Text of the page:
PIC buttons (polling)


Polling for button input, how useful! This is pretty brief and gives a good idea how to let buttons control your programs execution.

In this tutorial I’ve switched from using an oscillator to using a crystal. This changes the design a bit. Using the 2 OSC pins, OSC1/OSC2 (CLKOUT/CLKIN) they hook to the crystal in parallel. Then the two sides of the crystal are connected to ground via two capacitors, in this case 18pF. The speed and capacitance needed varies, and can be seen in most any PIC MCU datasheet as to how to lay it out. It will also be in my schematic.

Please note this is essentially NO DIFFERENT than the oscillator. It is simply a different means of providing a clock signal. You can swap in the oscillator to the normal CLKIN pin and it will work just fine.

For this program, we’ll start the processor, and wait for a button to be pressed. After it has been pressed we’ll essentially execute the LED blinker from before.

Polling is extremely simple. Polling is the act of checking something for a certain state to occur. In our case, we poll PORTB,4 waiting for it to go low. Once it does, we continue on and start blinking.

Circuit Image

Circuit Image

Another topic that needs to be covered is that of Pull-Up resistors. In order for a button to be able to change from 0 to 1 (Ground to 5V) we need a way to protect everything from a short circuit. We do this with a Pull-Up (or Pull-Down in some cases) resistor. For our case, we connect PORTB,4 to +5V via a 10k resistor. So when we fire up the program, the PIC sees PORTB,4 as HIGH. We then connect our button to PORTB,4 on one side, and Ground on the other. Now, when we press the button, PORTB,4 is connected to ground and is now LOW. A short circuit between +5 and Ground would occur if not for the resistor, which being 10k limits the current to a measly 500uA, nothing to worry about. Once the button is released, Ground is disconnected and the pin returns to a HIGH state.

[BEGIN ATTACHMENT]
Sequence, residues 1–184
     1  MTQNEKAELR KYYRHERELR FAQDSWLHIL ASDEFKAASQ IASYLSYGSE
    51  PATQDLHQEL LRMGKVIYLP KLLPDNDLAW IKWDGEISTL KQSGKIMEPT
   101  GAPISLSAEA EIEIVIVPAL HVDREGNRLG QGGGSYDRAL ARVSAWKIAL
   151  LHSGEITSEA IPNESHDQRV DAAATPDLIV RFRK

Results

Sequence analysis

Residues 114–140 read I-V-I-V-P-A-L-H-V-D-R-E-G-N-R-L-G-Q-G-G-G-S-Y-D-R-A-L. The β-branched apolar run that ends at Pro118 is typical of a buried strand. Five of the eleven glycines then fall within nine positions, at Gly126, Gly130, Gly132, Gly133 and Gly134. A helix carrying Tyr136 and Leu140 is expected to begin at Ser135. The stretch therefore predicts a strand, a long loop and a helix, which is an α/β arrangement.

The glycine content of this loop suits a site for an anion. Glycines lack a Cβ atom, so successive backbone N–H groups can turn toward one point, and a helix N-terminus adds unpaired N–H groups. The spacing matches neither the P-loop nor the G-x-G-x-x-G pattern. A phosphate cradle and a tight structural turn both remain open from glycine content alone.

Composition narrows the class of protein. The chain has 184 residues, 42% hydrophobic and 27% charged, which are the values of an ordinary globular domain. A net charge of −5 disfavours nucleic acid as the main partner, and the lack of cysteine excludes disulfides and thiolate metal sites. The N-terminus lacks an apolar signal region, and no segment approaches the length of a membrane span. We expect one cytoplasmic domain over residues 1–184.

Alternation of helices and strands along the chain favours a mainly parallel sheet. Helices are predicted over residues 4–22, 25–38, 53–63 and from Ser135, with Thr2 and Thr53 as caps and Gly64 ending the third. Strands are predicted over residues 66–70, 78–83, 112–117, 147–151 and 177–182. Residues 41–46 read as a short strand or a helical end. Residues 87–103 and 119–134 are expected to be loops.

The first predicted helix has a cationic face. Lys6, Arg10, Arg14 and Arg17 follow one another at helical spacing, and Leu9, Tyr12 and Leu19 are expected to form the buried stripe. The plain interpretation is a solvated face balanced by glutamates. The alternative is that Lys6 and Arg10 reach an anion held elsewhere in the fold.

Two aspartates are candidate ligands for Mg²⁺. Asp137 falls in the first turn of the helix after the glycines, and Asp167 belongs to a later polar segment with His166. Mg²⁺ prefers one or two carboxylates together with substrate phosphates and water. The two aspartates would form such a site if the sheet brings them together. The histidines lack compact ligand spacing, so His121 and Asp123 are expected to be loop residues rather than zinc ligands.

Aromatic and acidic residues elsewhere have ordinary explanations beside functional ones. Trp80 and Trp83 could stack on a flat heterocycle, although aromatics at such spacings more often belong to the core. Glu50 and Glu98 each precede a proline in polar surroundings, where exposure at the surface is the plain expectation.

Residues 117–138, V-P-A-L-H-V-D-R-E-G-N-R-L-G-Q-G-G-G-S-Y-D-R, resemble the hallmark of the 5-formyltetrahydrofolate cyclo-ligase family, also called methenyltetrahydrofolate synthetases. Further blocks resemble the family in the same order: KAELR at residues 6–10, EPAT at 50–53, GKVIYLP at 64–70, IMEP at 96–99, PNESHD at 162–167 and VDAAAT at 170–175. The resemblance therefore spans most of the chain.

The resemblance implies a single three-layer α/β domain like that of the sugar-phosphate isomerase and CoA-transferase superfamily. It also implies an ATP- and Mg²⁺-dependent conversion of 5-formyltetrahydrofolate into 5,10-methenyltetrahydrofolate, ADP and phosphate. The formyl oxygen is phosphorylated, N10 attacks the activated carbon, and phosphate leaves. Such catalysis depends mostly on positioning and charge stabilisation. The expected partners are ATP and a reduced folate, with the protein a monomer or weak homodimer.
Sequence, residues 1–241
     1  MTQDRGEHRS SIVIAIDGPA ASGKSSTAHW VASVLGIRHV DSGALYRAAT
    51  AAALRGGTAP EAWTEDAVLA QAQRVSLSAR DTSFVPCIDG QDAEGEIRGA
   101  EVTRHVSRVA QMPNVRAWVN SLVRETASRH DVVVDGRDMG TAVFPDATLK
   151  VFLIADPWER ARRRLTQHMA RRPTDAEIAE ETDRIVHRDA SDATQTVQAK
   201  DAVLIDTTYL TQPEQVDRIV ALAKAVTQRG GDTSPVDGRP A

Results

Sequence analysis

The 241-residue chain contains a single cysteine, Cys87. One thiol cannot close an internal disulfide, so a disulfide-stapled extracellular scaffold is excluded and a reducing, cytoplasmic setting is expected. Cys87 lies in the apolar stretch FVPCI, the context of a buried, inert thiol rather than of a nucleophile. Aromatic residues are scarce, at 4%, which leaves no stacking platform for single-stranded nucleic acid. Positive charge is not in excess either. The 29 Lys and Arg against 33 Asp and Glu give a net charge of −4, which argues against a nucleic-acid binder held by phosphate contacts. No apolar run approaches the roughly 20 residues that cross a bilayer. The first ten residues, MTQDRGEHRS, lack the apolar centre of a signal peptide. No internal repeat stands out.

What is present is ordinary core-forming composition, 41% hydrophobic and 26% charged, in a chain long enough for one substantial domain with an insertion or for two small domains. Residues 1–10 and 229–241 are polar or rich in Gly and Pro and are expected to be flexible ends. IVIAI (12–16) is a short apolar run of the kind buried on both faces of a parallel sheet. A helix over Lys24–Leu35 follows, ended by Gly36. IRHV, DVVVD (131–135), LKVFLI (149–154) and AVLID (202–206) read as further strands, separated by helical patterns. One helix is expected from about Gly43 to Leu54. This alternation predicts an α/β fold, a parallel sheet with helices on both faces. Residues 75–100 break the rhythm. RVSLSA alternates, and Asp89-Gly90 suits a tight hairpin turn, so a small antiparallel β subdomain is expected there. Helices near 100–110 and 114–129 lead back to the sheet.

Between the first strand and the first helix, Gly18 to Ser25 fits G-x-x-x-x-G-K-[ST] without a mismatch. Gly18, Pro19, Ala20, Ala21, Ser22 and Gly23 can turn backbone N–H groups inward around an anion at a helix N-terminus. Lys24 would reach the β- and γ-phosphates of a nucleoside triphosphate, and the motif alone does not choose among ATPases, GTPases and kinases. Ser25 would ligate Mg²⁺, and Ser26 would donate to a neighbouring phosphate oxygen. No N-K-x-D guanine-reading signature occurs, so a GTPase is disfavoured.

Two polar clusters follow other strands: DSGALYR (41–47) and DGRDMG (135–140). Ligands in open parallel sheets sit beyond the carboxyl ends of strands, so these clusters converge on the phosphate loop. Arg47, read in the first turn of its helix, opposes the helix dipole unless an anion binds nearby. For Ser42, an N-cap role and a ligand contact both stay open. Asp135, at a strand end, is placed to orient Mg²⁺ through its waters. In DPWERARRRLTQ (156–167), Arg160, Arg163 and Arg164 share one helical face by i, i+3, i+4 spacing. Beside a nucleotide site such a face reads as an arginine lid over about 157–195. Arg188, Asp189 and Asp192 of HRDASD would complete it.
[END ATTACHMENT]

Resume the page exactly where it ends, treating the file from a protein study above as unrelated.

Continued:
Reading the code, you may also notice the _BANK macro has changed a bit. I’ve simply modified it to encompass all possible BANK configs instead of using 4 different macros for each. Reading through it can give you a little insight as to how the conditional assembler works. It’s a bit like C/C++ and a bit like BASIC. Quite nice and handy.

A final new bit is the _MCLRE_OFF in the __CONFIG line at the beginning. This frees us from having to pull _MCLR high to keep from a RESET condition. Just keeps our parts count down. :)

Now for the new section of code.

  btfsc PORTB,4
    goto $-1

That’s polling, yup, that’s it. All it is doing is a bit test on PORTB,4, waiting for it to become clear (Ground). The goto line is telling it to go 1 instruction back ($ means the address of the current instruction, $-1 means one before, the btfsc). Once that pin becomes 0 it skips the loop forcing it to check, and lets it continue on down to the blinker!